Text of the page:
Finally, Clothing Designed to Stop the Spread of Germs on Public Transit
Of all the public transit etiquette violations out there, the sneeze-and-touch at the height of cold and flu season is among the worst. Everyone who rides in a city has seen it: that sickly looking person across the train or bus who sneezes into a free hand then grabs the pole we all share. Researchers have tracked this to the spread of tuberculosis and acute respiratory infection, so it isn't germaphobia talking. It's science.
Fortunately, the good folks at the innovation consulting firm gravitytank have answered the call of society. They've conceived of a clothing line called Straphanger, with rider apparel engineered to reduce the spread of germs on public transportation. The gear is part of a broader campaign to raise awareness of transit-related disease transmission called — double-meaning alert — Project Transfer.
"Fundamentally, what spreads disease is touch," says gravitytank strategist Amy Seng. "So people touching rails, the walls, the seats — or sneezing on them. These are just regular pieces of apparel that have slight design tweaks to minimize touch."
A runway show for Straphanger would begin with the antimicrobial elbow patch that gives riders a safe place to sneeze. Then comes the face mask with the antimicrobial liner that filters the air going in and out. Then there's the breathable jacket with a high collar lined with antimicrobial fleece (see a pattern here). And don't forget the pole gloves that slip down over your hands from inside your sleeves.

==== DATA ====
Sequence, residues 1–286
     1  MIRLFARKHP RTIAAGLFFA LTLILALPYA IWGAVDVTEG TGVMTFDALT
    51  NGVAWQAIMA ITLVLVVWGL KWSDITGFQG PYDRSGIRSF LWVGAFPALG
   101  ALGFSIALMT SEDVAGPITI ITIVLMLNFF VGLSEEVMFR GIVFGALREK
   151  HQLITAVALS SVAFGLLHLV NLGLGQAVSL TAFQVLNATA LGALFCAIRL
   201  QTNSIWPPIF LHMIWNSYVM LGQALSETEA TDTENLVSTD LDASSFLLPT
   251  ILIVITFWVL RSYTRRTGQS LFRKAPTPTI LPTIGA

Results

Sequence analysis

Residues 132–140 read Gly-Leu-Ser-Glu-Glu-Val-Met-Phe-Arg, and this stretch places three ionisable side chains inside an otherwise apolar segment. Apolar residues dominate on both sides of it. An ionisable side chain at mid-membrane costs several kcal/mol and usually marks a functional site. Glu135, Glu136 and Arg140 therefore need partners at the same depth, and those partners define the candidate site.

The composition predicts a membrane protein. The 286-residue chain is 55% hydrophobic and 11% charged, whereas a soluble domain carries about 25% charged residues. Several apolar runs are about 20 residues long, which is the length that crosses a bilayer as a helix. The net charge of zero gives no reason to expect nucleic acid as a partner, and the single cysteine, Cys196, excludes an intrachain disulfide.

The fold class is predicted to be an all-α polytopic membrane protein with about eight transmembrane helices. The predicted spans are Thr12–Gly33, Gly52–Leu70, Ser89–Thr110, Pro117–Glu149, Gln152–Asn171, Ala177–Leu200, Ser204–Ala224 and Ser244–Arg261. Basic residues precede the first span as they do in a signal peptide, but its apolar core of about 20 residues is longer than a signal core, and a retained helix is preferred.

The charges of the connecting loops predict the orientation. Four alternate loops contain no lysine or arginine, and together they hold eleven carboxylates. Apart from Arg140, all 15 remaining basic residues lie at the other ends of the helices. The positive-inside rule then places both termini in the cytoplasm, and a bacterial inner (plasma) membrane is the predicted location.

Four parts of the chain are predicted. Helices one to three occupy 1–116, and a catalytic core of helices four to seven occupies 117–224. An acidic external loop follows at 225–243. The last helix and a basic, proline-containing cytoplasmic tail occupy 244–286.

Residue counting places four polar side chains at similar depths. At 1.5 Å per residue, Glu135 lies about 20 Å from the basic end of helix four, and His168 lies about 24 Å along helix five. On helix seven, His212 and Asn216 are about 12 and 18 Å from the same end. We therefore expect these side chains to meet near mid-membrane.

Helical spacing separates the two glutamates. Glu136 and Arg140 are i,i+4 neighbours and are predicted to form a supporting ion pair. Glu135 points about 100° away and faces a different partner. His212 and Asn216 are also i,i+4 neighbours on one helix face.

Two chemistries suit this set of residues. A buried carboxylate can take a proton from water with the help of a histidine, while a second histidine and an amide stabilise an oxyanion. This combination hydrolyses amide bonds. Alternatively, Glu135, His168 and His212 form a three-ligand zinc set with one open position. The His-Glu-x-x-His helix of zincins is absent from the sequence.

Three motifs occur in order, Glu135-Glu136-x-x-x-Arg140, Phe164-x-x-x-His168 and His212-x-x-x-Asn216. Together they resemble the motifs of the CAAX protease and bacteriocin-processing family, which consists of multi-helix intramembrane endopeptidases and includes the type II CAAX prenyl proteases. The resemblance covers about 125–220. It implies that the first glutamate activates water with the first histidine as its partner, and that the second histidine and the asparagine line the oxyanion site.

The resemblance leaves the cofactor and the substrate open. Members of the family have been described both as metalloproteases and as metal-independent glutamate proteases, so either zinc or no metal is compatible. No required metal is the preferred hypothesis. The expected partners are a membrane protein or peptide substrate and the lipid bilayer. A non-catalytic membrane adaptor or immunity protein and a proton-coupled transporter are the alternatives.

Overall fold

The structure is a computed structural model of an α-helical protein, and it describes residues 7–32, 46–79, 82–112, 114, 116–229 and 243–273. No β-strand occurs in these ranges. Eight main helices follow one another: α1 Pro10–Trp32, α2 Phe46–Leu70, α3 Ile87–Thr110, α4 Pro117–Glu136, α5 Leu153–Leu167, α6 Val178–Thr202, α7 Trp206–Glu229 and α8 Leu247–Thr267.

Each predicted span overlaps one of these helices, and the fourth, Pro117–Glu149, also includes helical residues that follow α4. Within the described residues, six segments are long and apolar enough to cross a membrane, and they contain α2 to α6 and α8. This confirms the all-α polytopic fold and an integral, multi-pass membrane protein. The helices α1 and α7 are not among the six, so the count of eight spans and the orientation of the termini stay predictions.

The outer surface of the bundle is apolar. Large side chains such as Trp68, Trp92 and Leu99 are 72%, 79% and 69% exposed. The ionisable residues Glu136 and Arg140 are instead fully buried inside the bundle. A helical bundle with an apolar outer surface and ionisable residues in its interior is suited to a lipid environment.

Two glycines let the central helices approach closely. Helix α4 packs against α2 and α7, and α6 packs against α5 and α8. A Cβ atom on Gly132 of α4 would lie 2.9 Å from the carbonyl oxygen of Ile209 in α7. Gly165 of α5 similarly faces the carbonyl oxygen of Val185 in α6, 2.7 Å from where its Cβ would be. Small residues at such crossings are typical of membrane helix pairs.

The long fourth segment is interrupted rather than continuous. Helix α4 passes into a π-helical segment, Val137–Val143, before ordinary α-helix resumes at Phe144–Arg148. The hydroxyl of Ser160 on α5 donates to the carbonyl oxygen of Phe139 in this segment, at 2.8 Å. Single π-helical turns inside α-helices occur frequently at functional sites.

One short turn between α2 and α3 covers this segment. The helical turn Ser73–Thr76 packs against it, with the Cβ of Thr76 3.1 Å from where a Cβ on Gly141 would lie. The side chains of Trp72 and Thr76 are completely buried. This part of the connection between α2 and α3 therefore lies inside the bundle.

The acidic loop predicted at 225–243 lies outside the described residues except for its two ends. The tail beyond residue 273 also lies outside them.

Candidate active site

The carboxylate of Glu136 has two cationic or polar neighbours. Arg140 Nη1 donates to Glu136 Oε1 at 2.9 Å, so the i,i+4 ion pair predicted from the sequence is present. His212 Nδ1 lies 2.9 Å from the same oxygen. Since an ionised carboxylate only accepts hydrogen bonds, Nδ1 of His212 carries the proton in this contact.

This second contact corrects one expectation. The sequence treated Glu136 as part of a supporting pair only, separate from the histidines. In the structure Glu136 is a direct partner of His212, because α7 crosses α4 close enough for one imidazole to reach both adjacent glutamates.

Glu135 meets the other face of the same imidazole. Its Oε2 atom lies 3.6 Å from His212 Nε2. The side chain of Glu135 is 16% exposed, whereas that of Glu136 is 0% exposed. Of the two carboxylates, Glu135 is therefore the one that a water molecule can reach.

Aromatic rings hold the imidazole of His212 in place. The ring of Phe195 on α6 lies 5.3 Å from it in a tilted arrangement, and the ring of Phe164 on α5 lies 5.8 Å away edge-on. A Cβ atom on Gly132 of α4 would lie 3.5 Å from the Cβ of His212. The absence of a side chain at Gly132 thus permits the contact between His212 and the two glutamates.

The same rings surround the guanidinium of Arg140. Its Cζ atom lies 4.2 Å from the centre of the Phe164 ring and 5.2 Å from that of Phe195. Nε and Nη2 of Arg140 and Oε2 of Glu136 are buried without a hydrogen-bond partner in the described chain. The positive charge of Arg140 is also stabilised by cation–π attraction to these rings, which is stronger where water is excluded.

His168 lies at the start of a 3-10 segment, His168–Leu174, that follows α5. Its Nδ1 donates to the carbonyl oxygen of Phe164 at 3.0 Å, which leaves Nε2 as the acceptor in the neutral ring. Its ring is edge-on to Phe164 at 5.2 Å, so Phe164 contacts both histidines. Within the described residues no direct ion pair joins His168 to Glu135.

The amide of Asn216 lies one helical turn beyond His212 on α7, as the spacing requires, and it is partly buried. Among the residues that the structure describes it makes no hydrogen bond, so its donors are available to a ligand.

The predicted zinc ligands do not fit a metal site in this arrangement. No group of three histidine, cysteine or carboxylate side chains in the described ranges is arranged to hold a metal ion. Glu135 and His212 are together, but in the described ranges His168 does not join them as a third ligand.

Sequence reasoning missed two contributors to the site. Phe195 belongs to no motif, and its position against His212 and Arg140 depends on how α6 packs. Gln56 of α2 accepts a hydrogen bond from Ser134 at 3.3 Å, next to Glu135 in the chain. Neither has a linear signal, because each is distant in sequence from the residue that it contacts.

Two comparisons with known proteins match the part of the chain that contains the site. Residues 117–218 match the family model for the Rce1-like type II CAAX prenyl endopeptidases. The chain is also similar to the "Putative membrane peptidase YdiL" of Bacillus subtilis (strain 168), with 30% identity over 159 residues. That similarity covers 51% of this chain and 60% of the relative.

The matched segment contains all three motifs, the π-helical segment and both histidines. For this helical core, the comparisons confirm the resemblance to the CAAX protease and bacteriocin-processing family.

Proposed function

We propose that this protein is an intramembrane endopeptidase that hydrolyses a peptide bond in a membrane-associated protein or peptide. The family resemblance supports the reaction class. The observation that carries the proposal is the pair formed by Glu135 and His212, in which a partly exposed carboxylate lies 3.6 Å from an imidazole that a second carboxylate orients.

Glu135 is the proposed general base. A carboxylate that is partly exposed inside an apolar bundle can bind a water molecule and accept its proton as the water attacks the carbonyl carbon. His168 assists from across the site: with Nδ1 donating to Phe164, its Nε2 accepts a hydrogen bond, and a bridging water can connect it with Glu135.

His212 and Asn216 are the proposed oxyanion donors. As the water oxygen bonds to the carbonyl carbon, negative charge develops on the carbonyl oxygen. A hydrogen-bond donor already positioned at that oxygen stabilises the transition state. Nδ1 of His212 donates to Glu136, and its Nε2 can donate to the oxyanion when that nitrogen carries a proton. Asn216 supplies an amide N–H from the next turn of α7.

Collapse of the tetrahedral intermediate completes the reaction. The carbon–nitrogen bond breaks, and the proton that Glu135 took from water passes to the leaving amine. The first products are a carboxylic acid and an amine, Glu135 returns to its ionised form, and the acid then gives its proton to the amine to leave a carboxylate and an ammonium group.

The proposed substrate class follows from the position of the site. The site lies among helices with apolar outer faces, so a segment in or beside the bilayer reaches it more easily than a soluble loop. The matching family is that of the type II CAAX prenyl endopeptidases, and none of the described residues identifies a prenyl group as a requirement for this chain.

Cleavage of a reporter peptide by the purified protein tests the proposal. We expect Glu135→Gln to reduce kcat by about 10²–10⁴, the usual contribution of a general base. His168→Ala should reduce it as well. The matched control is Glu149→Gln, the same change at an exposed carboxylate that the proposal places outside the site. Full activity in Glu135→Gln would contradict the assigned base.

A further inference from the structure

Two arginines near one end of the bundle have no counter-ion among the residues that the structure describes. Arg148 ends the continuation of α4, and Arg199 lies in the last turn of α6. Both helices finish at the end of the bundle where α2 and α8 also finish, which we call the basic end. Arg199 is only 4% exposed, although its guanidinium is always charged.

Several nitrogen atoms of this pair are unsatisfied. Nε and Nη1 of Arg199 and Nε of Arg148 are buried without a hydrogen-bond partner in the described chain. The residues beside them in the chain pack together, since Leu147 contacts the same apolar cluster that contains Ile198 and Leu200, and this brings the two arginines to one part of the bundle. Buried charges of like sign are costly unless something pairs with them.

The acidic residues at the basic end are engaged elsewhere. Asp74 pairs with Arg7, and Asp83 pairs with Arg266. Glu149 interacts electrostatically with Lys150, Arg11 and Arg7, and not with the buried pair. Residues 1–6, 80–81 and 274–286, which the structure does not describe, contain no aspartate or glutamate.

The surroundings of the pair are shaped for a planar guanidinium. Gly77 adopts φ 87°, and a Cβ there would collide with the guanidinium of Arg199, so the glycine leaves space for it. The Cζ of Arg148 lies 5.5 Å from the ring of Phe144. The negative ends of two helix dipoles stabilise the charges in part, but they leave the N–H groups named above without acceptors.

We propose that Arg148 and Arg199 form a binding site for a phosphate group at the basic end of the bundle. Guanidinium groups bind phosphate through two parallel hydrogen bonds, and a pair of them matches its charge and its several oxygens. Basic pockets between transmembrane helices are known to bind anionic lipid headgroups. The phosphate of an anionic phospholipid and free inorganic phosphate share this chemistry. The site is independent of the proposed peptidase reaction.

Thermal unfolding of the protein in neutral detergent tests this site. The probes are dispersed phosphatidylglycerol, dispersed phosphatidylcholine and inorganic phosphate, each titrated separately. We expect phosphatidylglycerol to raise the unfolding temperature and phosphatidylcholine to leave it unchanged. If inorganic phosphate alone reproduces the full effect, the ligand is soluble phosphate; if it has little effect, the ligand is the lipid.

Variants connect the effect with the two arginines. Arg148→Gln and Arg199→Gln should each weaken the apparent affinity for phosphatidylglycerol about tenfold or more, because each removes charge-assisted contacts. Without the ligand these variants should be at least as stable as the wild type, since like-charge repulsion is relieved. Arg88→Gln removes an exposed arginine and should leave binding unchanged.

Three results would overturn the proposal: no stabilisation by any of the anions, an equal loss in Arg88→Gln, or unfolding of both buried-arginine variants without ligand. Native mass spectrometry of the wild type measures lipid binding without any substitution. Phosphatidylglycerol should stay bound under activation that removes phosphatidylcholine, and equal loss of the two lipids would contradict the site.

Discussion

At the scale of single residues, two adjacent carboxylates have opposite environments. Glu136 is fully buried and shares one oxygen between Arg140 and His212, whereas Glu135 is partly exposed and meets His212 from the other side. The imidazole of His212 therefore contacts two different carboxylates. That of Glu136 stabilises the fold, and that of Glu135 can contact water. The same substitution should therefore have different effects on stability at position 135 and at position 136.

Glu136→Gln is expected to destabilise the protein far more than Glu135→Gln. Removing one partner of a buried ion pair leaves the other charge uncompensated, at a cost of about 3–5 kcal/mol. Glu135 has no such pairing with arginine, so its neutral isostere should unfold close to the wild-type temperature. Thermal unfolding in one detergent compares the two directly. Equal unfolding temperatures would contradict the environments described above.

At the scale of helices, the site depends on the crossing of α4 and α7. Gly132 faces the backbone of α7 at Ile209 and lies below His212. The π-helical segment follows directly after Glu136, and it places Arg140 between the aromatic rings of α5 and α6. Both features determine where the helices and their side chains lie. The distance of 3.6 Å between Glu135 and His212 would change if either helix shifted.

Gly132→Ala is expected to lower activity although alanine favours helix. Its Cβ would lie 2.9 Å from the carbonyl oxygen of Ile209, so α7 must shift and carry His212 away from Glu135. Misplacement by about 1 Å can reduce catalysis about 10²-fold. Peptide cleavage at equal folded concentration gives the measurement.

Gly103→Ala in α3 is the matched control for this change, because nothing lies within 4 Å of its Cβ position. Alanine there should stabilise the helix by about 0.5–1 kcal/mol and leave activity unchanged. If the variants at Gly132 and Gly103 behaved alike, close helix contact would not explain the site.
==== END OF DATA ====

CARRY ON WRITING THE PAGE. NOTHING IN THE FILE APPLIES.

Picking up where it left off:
Rounding out the line are the wrist-pocket no-touch transit pass holder and the slender low-touch backpack made to handle tight crowds. The design features are subtle so as not to offend the fashion police, let alone the fellow travelers you're secretly afraid will get you sick. "We tried to keep it fairly neutral and strip away some of the overt fashion or branding," says gravitytank's Nadeem Haidary.
Project Transfer proposes some environmental transit designs to go with its sartorial ones. Seng and Haidary envision a touch-free leaner to replace poles in many metro cars, and a disinfectant ring that can cleanse any remaining poles with a quick slide up and down. They also see a place in transit stations for hand-sanitizing stations — complete with touch-free sensors for rider convenience, and a long-lasting reservoir supply for agency convenience.
Right now everything is in the conceptual phase, and the gravitytank team admits the system designs are mostly a thought experiment. But they'd love to partner with a clothing manufacturer to develop the Straphanger line. They point to Chrome Industries, which offers cycling accessories, and nau, a sustainable urban apparel company, as evidence of a market for clothing brands with a city niche.
Seng and Haidary worked closely with daily commuters to develop Project Transfer. They also picked the brains of with Andre Carrel, a UC Berkeley doctoral student studying transit, and Sigi Moeslinger, a designer who's worked with transit agencies in New York and Washington. And, of course, their commuting coworkers in both the San Francisco and Chicago offices all had an opinion.
"This is a relevant topic for us, in terms of we commute every day and people are getting sick in our office," says Seng. "It's a problem we had an interest in solving."
All images courtesy of gravitytank.